Financial Mismanagement

Financial Mismanagement

Many wealthy donors intend to leave a philanthropic legacy behind them.  Unfortunately, without proper controls and ethical management, foundation money could end up spent on items that look nothing like charity. 

The Hershey Trust Company in Pennsylvania is a sad illustration of a charity that has strayed from its founder's original intentions.  Milton and Catherine Hershey established the Milton Hershey School as an orphanage in 1909, intending to serve needy children.  But in recent years, the charity has instead spent money on items such as:

  • $100,000 base compensation for nonprofit board members, with some board members collecting up to $500,000 annually from the charity;
  • $12 million dollars on a luxury golf course in a transaction that appears to have bailed out board members from a bad investment;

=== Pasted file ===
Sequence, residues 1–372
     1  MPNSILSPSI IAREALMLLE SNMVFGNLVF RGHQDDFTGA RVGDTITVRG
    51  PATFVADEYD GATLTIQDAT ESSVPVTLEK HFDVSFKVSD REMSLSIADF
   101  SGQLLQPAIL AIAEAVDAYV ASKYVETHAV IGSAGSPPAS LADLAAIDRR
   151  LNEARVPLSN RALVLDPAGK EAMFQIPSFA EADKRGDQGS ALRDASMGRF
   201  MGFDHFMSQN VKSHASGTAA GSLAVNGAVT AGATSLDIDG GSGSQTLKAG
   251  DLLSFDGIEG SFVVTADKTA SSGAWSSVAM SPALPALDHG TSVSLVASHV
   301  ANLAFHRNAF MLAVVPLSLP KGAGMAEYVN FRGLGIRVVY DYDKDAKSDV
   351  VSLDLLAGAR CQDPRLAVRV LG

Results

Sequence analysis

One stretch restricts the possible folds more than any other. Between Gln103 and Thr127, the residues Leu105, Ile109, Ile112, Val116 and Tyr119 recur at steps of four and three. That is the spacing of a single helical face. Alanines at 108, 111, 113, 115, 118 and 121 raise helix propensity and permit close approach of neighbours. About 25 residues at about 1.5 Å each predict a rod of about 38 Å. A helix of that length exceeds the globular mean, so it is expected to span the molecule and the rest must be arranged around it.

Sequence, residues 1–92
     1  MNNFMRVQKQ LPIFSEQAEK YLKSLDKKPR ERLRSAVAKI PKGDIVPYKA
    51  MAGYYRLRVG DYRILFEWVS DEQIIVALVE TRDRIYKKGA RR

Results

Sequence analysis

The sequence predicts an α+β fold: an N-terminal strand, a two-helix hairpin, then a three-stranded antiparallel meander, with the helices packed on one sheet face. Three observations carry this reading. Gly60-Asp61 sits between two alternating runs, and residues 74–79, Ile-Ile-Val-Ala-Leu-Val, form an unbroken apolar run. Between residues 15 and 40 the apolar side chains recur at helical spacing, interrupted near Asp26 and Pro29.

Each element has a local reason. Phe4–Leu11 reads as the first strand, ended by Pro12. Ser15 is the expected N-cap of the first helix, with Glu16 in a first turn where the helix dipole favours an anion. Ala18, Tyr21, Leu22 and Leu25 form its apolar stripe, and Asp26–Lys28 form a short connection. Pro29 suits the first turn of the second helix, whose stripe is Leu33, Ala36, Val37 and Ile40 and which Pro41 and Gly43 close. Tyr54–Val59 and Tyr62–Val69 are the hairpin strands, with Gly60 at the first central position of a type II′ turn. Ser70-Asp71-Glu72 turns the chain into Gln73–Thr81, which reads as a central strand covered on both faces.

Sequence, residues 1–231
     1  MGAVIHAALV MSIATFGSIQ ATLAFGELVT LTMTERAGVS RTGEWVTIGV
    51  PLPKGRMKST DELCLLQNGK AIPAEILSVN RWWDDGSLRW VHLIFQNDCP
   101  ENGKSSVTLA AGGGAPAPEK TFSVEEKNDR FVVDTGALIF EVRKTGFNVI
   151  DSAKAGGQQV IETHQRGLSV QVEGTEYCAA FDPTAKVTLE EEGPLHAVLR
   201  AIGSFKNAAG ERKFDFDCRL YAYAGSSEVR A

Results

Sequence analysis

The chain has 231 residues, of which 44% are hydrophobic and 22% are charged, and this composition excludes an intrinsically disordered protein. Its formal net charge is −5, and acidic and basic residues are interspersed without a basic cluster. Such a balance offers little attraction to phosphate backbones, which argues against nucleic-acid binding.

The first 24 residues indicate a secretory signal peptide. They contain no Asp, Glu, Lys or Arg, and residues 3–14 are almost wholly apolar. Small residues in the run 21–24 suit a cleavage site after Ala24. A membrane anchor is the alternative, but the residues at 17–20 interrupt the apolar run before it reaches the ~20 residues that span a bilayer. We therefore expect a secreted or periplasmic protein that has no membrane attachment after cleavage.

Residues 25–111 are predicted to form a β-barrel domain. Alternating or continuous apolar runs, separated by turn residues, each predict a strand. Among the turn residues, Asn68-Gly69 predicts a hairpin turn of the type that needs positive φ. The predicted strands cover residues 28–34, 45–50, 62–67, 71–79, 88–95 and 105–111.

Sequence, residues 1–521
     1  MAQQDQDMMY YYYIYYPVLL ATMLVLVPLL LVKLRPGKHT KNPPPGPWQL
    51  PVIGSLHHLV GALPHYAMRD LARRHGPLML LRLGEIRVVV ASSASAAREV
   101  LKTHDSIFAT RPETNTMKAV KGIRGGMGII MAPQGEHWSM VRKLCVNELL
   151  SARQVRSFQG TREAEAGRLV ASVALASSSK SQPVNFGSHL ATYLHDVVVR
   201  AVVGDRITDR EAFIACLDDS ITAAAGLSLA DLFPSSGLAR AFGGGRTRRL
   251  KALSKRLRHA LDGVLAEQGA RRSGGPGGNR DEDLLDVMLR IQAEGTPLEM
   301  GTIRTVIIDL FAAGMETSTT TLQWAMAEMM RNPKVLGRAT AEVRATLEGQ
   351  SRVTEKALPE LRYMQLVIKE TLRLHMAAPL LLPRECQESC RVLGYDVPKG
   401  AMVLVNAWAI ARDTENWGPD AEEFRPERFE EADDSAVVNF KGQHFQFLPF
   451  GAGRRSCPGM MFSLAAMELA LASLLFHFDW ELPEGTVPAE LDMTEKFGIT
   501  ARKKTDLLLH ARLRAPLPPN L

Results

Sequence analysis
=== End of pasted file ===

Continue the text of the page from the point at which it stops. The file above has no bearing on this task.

• $5 million dollars on a clubhouse for the golf course; and
  • Use of charitable property to host political fundraising events.

The Hersheys likely never intended for their philanthropic legacy to be spent on golf courses and excessive salaries.  Yet a $7.5 billion dollar endowment, with Milton and Catherine Hershey no longer around to provide oversight, is a tempting target for basic human greed.  

In 2016, the Pennsylvania Attorney General intervened and required several Hershey Trust board members to resign, along with requiring several governance changes.  It is impossible to tell whether the IRS ever investigated abuses at the Hershey Trust, although facts known about the trust would support such an investigation, with possible tax penalties applying.  It also remains to be seen whether the Attorney General's actions went far enough to protect the legacy established by Milton and Catherine Hershey, who wanted their money spent on needy children and not on padding the pockets of the Pennsylvania elite.   

You can read more about the Hershey Trust Company at the following links:

Are Donor Advised Funds a Black Hole of Philanthropy?

Are Donor Advised Funds a Black Hole of Philanthropy?

It Is Now Easier to Move a Nonprofit to a New State

It Is Now Easier to Move a Nonprofit to a New State